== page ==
Research has continued to find correlations between mental health, spiritual well-being, and physical vigor and resilience.
Ways to work with this connection include mindfulness-based therapeutic interventions, which encompass relaxation and breathing techniques, and guided imagery (GI). Mindfulness interventions can be learned, and have been found to be effective in working with stress, depressed immune system, anxiety, depression, cancer support and pain.
Mindfulness exercises have been used in schools to reduce stress and aggressive behavior among children and teens, and research is currently underway exploring the effectiveness of mindfulness exercises such as GI used in the treatment of PTSD. It is best described as a centered, non-judgmental, detached and accepting state of awareness that leads to a deep sense of calm.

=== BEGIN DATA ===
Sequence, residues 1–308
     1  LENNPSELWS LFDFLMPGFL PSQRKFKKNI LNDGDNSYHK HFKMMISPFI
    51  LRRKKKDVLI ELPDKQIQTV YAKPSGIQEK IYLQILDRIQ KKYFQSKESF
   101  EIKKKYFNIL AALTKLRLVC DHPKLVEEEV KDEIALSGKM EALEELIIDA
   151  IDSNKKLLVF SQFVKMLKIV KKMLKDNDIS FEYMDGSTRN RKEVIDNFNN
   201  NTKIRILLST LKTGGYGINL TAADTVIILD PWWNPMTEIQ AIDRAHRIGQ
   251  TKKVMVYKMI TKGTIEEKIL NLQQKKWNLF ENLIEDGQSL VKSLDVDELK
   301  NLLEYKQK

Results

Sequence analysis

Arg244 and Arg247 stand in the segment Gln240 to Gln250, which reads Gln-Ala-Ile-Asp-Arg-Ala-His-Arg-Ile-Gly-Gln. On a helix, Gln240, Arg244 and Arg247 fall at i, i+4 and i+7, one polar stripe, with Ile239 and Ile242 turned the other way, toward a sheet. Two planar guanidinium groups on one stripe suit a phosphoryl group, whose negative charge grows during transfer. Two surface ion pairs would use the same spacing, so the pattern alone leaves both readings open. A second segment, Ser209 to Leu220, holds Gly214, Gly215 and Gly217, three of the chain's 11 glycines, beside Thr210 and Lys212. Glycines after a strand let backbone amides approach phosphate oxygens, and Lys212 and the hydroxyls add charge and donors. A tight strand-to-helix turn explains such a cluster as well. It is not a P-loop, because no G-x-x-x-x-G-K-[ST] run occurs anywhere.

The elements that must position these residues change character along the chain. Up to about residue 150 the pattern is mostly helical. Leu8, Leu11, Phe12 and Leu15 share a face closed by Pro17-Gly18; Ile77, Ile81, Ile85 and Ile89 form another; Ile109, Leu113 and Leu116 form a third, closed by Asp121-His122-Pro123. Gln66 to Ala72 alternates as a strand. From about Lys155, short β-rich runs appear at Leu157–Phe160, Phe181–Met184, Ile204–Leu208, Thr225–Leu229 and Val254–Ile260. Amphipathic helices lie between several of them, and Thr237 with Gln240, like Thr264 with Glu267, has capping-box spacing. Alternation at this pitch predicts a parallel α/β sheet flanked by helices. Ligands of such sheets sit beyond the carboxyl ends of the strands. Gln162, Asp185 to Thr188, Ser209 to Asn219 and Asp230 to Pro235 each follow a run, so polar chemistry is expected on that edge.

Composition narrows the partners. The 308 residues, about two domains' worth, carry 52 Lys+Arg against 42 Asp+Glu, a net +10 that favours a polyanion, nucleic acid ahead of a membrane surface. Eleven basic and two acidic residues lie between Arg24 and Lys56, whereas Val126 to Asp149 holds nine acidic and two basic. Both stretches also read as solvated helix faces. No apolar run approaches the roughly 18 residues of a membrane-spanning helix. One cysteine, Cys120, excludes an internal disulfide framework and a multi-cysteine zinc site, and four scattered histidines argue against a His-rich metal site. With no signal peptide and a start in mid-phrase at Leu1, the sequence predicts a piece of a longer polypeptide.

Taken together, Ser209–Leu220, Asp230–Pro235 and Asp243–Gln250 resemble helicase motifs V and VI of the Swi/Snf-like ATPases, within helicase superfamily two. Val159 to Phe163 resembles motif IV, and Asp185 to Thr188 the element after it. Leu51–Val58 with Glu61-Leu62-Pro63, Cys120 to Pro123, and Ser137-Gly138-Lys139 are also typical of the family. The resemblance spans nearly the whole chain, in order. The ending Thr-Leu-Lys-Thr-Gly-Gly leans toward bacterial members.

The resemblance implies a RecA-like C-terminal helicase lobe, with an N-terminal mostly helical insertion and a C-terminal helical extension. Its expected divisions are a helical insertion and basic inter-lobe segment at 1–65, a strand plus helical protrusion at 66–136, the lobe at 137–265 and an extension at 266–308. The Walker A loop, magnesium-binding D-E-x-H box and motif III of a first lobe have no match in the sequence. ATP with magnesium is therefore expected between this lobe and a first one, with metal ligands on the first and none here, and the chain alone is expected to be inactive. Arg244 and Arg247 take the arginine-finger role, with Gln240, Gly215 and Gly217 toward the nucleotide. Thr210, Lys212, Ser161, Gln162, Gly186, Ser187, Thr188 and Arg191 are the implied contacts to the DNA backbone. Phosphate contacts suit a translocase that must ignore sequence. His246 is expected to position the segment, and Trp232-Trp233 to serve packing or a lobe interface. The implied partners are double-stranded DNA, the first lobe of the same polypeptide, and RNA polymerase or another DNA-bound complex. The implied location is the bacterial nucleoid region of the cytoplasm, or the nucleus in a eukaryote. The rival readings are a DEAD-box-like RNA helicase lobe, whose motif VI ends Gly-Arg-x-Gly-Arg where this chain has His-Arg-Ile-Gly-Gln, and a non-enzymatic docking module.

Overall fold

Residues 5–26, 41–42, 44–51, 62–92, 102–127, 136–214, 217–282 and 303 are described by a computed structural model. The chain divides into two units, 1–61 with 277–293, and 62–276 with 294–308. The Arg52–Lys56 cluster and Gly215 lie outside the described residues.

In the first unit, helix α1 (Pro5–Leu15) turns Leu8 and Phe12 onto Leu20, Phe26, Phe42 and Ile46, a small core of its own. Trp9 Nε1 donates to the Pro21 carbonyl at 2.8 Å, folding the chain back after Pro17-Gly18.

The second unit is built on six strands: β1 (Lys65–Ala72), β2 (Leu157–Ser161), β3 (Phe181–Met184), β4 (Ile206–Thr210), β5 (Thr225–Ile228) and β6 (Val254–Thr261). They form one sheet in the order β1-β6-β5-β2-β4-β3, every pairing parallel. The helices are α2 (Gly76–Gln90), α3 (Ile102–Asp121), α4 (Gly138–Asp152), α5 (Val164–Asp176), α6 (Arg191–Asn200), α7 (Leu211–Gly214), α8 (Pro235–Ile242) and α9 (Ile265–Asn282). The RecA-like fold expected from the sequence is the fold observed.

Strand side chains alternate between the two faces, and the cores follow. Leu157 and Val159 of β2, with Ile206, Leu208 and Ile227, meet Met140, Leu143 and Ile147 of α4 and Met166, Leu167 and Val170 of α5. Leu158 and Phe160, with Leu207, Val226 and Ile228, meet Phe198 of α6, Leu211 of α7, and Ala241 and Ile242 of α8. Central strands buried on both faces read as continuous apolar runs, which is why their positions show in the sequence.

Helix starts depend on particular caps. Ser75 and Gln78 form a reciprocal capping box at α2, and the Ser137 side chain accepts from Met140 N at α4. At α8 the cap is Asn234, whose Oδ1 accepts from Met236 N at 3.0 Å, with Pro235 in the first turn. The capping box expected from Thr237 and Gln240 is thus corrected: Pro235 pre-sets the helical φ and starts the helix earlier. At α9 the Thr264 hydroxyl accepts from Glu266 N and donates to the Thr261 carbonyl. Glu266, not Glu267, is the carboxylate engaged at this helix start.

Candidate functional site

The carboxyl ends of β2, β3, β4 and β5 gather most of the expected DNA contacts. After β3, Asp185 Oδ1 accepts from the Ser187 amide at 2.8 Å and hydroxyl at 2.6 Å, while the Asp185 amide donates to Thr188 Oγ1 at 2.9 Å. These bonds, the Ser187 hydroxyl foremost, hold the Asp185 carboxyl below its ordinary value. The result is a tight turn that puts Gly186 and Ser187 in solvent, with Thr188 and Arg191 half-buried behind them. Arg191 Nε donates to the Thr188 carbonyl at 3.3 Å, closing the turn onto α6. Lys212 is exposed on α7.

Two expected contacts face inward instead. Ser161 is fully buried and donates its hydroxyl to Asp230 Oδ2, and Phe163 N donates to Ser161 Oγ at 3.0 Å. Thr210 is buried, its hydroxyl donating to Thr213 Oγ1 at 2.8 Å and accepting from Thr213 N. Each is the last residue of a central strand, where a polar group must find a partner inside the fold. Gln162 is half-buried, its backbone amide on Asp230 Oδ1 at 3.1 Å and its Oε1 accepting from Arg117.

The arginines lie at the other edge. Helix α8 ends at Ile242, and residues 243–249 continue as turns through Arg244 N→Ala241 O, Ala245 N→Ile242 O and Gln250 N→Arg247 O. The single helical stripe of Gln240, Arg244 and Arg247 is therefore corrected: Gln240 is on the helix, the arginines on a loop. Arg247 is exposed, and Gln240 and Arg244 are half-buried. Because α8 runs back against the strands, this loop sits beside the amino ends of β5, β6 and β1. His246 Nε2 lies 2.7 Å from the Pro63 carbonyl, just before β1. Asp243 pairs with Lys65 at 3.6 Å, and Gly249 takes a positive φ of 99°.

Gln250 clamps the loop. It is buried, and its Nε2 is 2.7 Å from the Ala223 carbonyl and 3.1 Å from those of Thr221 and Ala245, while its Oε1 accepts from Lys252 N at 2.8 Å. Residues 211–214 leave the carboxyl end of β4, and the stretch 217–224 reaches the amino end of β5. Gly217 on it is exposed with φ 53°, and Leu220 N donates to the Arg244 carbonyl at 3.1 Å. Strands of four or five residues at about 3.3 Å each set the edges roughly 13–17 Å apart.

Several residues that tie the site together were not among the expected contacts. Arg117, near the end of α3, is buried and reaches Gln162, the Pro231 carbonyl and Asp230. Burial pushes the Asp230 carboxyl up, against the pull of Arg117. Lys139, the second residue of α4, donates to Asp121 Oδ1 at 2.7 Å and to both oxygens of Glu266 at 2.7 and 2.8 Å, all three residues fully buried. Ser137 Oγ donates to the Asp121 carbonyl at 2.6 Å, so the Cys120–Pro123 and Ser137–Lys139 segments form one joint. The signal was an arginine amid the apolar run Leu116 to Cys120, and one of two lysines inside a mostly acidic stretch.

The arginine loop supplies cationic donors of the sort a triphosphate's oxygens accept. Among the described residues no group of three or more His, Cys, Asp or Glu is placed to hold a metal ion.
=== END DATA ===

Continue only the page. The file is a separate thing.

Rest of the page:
Brain scans have shown that mindfulness increases activity in the prefrontal cortex (managerial center of brain), and reduces, or calms, activity in the amygdala (emotional center of brain).
Drawing from evidence-based mindfulness practices such as MBSR, MBCT, DBT and ACT, I work with interested clients on pursuing health, peace and growth in a variety of ways. As well, I support clients' exploration of spirituality and prayer as a resource should they be so inclined, as it has also been found to support individuals' overall well-being.
The Integrative Counseling Office of
Catherine Daniels-Landeros, MS, LMFT